If an employee is accused of misconduct in the workplace, it is usually clear to employers whether a disciplinary investigation needs to be carried out. However, if an employee is accused of misconduct that has taken place outside the workplace, employers may feel unsure as to whether they should, or even have the right to, initiate disciplinary proceedings.
If an employee is subject to a disciplinary process at work because of allegations of misconduct outside the workplace, they are likely to argue that the allegations have nothing to do with their employment and that their employer has no right to intrude in their personal lives.
If it is the case that the misconduct had no impact on their employment, the individual could bring claims in the employment tribunal for wrongful or unfair dismissal (if they have more than two years’ service), as well as a case for discrimination or whistleblowing if the employee believes that misconduct is not the real reason for dismissal. However, there may be factors that mean there is an overlap between the employee’s private life and their employment, and so it is not clear cut. For example, this could be the case if the employee’s behaviour outside work affected colleagues or if the individual used company property or systems to commit misconduct outside the workplace.
Risk to a business’s reputation or a loss of trust in the employee’s ability to do their job may also be factors. In some cases, criminal proceedings may directly affect the organisation (particularly if they are regulated and have a duty to report) or the employer may have a zero-tolerance policy on particular kinds of behaviour outside the workplace.
The recent Employment Appeal Tribunal (EAT) case of K v L is one such example of this overlap. The employer, a school, sought to rely on a breach of trust and confidence and reputational risk as grounds for dismissing a teacher who was charged (but not prosecuted) for possessing indecent images of children on a shared computer at home. The EAT found the dismissal to be unfair on two grounds, one of which was that the allegation of reputational risk had not been put to the employee properly. As a result they had not received sufficient notice of it and therefore did not have the chance to address it at the disciplinary hearing.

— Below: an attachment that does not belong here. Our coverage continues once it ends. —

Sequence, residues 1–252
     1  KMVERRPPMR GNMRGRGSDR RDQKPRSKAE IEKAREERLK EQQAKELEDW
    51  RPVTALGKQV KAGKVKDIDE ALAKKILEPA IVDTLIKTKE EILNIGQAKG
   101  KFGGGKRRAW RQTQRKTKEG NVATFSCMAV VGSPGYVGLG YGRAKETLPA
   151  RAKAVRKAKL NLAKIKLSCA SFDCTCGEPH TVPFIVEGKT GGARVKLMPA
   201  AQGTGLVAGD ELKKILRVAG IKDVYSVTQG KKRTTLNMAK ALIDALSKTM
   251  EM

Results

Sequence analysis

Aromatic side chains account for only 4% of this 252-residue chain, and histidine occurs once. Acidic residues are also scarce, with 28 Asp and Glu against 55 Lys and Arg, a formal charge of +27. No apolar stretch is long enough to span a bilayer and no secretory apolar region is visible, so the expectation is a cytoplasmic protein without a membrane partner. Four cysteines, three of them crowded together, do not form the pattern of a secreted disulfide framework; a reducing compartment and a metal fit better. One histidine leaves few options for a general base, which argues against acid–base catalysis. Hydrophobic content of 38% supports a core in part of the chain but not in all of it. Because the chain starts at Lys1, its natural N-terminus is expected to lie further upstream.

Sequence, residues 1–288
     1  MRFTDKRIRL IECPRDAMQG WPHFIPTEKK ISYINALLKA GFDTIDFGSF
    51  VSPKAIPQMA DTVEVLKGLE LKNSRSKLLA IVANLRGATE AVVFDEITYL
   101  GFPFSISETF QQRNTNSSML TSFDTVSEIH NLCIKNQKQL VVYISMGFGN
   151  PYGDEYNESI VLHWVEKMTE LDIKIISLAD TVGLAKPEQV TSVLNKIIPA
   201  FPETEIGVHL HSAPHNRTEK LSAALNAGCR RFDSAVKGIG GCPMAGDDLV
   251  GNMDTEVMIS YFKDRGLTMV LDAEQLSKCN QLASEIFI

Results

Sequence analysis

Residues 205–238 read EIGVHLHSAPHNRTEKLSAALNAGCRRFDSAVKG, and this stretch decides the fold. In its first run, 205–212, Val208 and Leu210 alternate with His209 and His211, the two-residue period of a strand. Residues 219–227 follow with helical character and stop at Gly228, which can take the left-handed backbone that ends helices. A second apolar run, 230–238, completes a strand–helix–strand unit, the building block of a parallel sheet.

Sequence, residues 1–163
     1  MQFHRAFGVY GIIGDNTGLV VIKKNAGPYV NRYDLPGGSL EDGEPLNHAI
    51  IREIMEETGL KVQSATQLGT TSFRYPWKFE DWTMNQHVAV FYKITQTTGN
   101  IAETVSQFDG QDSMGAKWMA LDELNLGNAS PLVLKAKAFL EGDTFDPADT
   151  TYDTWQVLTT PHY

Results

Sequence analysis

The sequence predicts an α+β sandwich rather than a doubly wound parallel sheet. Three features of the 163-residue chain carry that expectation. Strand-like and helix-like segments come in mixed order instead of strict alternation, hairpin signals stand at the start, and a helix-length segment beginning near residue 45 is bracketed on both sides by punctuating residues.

While there are a number of lessons that can be learned from this case, the point that is particularly relevant to misconduct outside the workplace is that it is vital for employers to frame all the allegations against the employee properly at the outset of any disciplinary proceedings. This is because when alleged misconduct takes place outside the workplace, employers may not always be in a position to fully investigate the actual misconduct. It is therefore important to also explain and investigate any overlap between the alleged misconduct and the employee’s employment.
The presence of any connecting factors (such as reputational damage or using work systems for personal use) may be sufficient grounds in themselves to take disciplinary action, or may be grounds for a dismissal on the basis of ‘some other substantial reason’ – even in cases where the employer is not in a position to fully investigate or make a finding on the misconduct itself. Therefore, it is usually best to put these ancillary allegations clearly and separately to the employee at the start, alongside the main allegations of misconduct. In doing so, employers can potentially avoid being put in the awkward position of being unable to take any action (despite harm being caused to the business) if the misconduct allegations themselves cannot be investigated properly or upheld. It also helps to protect the organisation if the employee defends themselves by arguing that the employer is being unreasonable in taking into account their private life.
Catherine Bourne is an associate at Kingsley Napley